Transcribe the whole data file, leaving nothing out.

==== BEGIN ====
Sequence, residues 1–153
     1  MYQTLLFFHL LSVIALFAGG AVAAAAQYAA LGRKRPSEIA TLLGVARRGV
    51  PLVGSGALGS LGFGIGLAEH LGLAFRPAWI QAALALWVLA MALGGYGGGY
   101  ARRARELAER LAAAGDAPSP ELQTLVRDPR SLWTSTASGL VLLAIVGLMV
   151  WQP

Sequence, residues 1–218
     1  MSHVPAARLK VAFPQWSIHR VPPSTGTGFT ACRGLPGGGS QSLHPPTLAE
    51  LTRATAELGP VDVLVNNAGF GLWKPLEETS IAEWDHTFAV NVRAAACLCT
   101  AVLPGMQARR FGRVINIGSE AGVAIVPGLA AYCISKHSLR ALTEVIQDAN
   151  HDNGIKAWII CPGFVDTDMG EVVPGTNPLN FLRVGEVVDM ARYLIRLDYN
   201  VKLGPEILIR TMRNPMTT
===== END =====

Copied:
Sequence, residues 1–153
     1  MYQTLLFFHL LSVIALFAGG AVAAAAQYAA LGRKRPSEIA TLLGVARRGV
    51  PLVGSGALGS LGFGIGLAEH LGLAFRPAWI QAALALWVLA MALGGYGGGY
   101  ARRARELAER LAAAGDAPSP ELQTLVRDPR SLWTSTASGL VLLAIVGLMV
   151  WQP

Sequence, residues 1–218
     1  MSHVPAARLK VAFPQWSIHR VPPSTGTGFT ACRGLPGGGS QSLHPPTLAE
    51  LTRATAELGP VDVLVNNAGF GLWKPLEETS IAEWDHTFAV NVRAAACLCT
   101  AVLPGMQARR FGRVINIGSE AGVAIVPGLA AYCISKHSLR ALTEVIQDAN
   151  HDNGIKAWII CPGFVDTDMG EVVPGTNPLN FLRVGEVVDM ARYLIRLDYN
   201  VKLGPEILIR TMRNPMTT